There’s no question that bankruptcy isn’t the best scenario to be grappling with. There are some harsh financial repercussions involved and it’s a very challenging and stressful process that will affect you financially for several years to come. Ending up in mountains of debt can materialise in the blink of an eye, and many individuals end up in this situation as a result of a multitude of factors. Not having the capacity to work resulting from illness is one of the most common reasons why individuals declare bankruptcy. It’s not as if they had any control over the situation, but being unable to repay their debts since they have no income is the hard reality they have to face. In reality, 7,900 people in Australia filed for bankruptcy in the March 2017 quarter1, so it’s not as rare as some people may believe. In my opinion, bankruptcy is neither good nor bad. Without a doubt, those who file for bankruptcy have made some bad financial decisions and will reprimanded accordingly, nevertheless filing for bankruptcy is also the first step to financial freedom. Lots of individuals struggle for years just to make ends meet, whilst their debts keep compounding, so often times, bankruptcy is a chance for a clean slate for individuals that are unable to repay their debts.
Although I’ve never been bankrupt myself, I’ve witnessed the journey of lots of individuals who have and surprisingly, lots of people are better off and glad they underwent the process. If you’re dealing with financial distress and thinking about bankruptcy, this post will illustrate what life is like after you declare bankruptcy.
You Won’t Be Debt Free By Declaring Bankruptcy
Bankruptcy is rather complicated, and there is a general misconception that all debts are cleared by declaring bankruptcy. This is certainly not the case. There are various sorts of debts that won’t be cleared, including Centrelink debts, HECS debts, child support, court imposed fines (for instance speeding tickets), as well as money that is owed to an insurance company arising from a car accident where you were uninsured and at fault. But, declaring bankruptcy will clear debts such as credit cards, GST and tax, and unsecured personal loans. The truth is, you will still have debts to pay after you file for bankruptcy, but the most significant debts in most cases, such as credit cards, will be removed.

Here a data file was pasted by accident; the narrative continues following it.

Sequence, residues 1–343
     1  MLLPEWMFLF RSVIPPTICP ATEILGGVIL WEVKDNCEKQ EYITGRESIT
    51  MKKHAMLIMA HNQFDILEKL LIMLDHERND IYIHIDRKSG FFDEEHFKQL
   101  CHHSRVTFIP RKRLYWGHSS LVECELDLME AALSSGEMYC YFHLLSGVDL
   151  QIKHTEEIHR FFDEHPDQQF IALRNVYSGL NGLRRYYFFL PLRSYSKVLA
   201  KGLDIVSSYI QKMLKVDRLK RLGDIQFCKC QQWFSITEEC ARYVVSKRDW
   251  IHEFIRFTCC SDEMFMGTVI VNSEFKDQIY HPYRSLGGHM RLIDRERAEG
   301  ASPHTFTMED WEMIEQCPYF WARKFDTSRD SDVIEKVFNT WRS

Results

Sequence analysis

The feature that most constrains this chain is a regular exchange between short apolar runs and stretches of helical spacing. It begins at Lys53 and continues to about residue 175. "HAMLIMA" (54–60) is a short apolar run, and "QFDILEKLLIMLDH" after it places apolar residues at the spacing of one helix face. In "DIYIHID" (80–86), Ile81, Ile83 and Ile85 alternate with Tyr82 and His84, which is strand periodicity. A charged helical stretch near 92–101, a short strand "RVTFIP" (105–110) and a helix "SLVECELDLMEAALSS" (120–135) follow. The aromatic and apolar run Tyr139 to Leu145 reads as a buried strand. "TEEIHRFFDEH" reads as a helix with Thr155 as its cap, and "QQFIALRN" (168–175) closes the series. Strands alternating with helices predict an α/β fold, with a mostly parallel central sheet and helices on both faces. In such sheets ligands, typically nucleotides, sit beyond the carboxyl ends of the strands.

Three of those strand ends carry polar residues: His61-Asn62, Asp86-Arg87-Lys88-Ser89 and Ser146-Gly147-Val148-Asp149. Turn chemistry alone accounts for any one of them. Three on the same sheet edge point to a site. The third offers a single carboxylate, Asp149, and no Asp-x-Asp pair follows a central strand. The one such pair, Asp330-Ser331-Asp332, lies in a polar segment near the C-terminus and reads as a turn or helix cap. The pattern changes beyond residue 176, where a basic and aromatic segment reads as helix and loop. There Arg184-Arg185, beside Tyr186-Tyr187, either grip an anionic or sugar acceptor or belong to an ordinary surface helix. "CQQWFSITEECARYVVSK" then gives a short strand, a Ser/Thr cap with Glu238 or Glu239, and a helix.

Feelings Of Regret And Shame Are Natural
Bankruptcy is an arduous process and lots of people who declare bankruptcy have feelings of remorse and humiliation; as if they’ve lost in life. This is quite normal, however it’s vital to overcome these emotions because the reality is, humans make errors, and bankruptcy is a way that you can start a new beginning financially and get your life back on the right track. The sooner you recover from these feelings of self-loathing, the sooner you’ll be able to start the recovery process and develop a plan of how you’re going to repay your outstanding debts and rebuild your credit rating. Keep in mind, bankruptcy lasts for three years and after seven years, it will no longer appear on your credit history, so it’s certainly not the end of the world.
You Can’t Borrow Any Money For Three Years
Unfortunately, by declaring bankruptcy you won’t be able to borrow any money under any circumstances for three years. During this time, it’s paramount that you start rebuilding your credit rating by maintaining a regular income and paying your bills and outstanding debts on time. It’s simple but effective. After this three-year process, you become a discharged bankrupt and will have the option to obtain loans for secured assets like houses and cars, but your interest rates will be much higher as a result of your poor credit history. Though it’s not always appropriate to secure loans straight away, it is possible. After seven years from the time you became bankrupt, your credit report will be clean, and you will have the option to secure all types of loans again at competitive rates.
Life after filing for bankruptcy surely isn’t easy, but the emotional relief that many people experience after starting the process definitely softens the blow. There are some serious financial penalties involved, but filing for bankruptcy is the first step towards financial freedom and securing a bright future for you and your family. If you’re experiencing financial distress, it’s always best to seek professional advice sooner rather than later. Whatever you do, don’t keep struggling financially for years because you fear the stigma related to bankruptcy. It’s difficult, but it’s also not the end of the world. If you ‘d like to speak with someone about your financial circumstances, get in contact with Bankruptcy Experts Newcastle on 1300 795 575 for a confidential discussion, or alternatively visit their website for additional information: http://www.bankruptcyexpertsnewcastle.com.au